Art Gallery of New South Wales, 1914-1915 and again from 1933-1946
Springville Museum of Art, Utah, August 26, 2009 - February 28, 2010
Sydney, Art Gallery of New South Wales, The Poetry of Drawing: Pre-Raphaelite designs, studies and watercolours, 18 June - 14 September, 2011
Led by artists like Daniel Maclise and Richard Dadd, a rich tradition of fairy painting emerged in the early nineteenth century and provided an escapist fantasy to industrial England. Early visions can be seen in the work of William Blake as he took visual cues and inspiration from A Midsummer Night's Dream, and Shakespeare continued to provide limitless inspiration for artists in Victorian times (see lot 70 for Dicksee's interpretation of Miranda). However, Jeremy Maas notes that "as Titania and Oberon began to lose their sovereignty to more generalized forms, faeries became merged into fantasy, dissolving into personifications of night, moon and stars – typified by the highly imaginative creations of Edward Robert Hughes" (Jeremy Maas, Victorian Fairy Painting, London, 1997, p. 21).
Edward Robert Hughes was raised in pre-Raphaelite circles thanks to his uncle, artist Arthur Hughes, and through working as a studio assistant to William Holman Hunt. Their influence on his work is seen through his meticulous attention to detail and skilled technique with watercolor and gouache. Wings of the Morning takes its name from the passage in Psalms 139: 7-10, which reads: "Whither shall I go from thy spirit? Or whither shall I flee from thy presence? If I ascend up into heaven, though art there: if I make my bed in hell, behold thou art there. If I ascend up into heaven, thou art there: if I make my bed in hell, behold, thou art there. If I take the wings of the morning, and dwell in the uttermost parts of the sea; Even there shall thy hand lead me, And thy right hand shall hold me." As a vision of this passage, Wings of the Morning soars beyond allegory and revels in an invented world of make-believe.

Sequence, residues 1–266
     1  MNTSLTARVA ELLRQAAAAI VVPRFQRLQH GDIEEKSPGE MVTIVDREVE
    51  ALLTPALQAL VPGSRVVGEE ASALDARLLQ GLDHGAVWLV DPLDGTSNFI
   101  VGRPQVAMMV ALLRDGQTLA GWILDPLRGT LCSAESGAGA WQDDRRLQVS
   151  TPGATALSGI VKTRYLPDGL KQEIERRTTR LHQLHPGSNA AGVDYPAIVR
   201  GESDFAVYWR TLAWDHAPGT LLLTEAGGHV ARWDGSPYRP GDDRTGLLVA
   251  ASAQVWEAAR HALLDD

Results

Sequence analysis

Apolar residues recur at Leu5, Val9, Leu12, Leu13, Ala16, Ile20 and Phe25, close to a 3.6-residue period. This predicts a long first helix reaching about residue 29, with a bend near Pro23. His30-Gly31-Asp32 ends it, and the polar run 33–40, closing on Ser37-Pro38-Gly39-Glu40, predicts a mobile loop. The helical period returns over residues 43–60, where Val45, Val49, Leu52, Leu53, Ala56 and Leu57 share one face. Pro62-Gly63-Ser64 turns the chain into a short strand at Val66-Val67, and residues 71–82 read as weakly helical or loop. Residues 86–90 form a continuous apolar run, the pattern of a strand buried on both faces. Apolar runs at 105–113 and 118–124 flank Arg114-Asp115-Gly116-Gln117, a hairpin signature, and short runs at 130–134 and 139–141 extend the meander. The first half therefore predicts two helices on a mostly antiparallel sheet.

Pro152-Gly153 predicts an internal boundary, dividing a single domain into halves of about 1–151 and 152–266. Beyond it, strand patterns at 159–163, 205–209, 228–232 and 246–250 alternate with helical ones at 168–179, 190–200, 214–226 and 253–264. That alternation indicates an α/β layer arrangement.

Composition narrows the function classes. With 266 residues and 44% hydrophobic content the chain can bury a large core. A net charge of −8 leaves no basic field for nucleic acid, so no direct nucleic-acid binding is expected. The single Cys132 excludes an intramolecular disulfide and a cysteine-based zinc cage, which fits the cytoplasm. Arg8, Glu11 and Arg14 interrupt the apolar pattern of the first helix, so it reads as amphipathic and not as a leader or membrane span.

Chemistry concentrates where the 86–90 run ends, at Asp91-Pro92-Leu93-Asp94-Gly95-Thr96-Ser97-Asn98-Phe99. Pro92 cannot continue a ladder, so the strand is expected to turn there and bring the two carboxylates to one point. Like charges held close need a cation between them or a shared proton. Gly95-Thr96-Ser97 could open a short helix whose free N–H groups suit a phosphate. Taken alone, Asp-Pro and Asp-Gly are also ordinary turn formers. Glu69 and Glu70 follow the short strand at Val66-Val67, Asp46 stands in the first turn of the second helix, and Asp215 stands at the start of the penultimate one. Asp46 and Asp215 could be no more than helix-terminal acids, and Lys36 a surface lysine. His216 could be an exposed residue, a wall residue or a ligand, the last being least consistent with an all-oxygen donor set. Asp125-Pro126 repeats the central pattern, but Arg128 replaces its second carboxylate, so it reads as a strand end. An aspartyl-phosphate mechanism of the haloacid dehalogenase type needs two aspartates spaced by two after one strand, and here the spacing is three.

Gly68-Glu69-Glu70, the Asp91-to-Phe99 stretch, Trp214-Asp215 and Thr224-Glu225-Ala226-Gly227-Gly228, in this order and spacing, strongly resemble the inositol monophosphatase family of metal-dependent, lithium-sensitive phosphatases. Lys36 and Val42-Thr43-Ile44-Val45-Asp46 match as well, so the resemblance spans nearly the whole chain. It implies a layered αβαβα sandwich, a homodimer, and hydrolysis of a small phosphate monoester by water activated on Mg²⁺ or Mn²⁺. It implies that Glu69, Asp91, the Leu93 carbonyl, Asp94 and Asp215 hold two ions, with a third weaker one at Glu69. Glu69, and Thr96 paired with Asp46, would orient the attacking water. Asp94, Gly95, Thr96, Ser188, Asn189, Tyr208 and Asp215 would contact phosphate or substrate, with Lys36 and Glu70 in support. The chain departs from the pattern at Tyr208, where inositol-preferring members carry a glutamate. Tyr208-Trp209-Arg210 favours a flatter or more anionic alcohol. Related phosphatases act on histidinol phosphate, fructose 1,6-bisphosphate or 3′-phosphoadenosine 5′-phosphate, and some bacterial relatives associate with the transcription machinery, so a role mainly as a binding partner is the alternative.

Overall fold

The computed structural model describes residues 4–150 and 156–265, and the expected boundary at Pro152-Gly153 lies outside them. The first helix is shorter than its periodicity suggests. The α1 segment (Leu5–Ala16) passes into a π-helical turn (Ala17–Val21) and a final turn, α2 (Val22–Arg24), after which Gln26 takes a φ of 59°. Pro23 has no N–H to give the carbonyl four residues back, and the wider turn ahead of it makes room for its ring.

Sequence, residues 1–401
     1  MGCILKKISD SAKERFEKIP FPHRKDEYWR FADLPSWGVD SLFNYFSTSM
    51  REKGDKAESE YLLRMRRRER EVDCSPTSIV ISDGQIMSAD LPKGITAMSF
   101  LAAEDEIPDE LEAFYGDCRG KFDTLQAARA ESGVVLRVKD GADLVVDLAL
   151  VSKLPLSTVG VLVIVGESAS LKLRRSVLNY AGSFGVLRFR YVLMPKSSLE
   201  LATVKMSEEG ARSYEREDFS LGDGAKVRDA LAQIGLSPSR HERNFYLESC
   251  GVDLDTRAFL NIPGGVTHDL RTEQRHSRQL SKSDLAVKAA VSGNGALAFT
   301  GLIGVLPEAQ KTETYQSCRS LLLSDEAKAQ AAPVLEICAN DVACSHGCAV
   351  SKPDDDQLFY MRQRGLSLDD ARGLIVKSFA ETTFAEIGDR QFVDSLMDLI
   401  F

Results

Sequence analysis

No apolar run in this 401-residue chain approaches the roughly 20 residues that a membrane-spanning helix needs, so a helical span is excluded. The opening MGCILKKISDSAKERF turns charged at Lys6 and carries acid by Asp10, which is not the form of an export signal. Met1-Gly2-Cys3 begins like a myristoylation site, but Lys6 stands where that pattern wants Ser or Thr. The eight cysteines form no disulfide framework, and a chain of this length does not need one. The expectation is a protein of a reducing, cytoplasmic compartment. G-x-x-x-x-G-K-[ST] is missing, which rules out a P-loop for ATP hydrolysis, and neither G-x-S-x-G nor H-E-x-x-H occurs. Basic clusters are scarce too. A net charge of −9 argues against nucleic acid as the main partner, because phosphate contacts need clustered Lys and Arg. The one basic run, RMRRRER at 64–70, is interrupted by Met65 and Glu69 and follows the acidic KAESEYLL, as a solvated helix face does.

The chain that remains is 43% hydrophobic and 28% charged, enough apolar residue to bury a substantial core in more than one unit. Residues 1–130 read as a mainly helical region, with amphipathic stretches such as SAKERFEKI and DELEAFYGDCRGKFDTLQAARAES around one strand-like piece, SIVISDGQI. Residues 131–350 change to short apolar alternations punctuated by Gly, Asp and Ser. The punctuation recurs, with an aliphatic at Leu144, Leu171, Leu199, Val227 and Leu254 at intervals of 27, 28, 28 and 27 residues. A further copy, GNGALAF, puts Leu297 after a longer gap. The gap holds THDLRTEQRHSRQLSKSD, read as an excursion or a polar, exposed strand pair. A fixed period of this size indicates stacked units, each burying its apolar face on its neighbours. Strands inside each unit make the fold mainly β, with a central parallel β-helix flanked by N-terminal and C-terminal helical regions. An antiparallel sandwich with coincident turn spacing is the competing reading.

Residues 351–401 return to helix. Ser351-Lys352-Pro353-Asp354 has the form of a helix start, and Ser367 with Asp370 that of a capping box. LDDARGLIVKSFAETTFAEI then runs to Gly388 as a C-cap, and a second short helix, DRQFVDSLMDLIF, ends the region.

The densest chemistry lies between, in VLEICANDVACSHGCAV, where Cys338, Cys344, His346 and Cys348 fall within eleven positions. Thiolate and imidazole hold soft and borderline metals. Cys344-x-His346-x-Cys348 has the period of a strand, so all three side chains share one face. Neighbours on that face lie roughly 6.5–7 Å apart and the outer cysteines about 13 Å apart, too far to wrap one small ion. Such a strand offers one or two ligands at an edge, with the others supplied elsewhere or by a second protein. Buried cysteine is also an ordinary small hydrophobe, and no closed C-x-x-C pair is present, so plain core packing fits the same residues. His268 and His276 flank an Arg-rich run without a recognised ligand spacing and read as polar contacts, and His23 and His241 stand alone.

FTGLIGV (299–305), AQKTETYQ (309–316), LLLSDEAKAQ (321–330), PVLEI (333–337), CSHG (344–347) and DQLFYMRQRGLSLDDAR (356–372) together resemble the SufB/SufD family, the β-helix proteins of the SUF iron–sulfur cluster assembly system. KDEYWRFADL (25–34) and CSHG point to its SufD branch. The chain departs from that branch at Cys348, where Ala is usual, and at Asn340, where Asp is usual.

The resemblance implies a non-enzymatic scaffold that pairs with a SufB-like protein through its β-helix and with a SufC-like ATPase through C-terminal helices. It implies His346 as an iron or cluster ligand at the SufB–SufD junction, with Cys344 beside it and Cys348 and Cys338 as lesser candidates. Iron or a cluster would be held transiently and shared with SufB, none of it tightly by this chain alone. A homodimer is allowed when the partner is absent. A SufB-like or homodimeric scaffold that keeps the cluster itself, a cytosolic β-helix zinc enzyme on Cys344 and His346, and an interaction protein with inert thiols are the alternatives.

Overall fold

Hughes explains his creative license in a letter dated February 24, 1905, to Edward William Knox, the initial owner of Wings of the Morning: "My idea in this picture is to make these creatures welcome the dawn, which is slowly creeping over a range of mountains for the most part in shadow, and only the highest peaks being touched by rosy light. The sky, however, is a mass of cirrus clouds high enough to be well coloured by this same light – so making a kind of confusion with the many fluttering birds' wings, surrounding and accompanying the huge wings of the supernatural girl flying towards the dawn. Below and beneath all this welcome gaiety & light as though fleeing from them into the darkness that lingers are the winged things of the night" (Beresford, p. 116).
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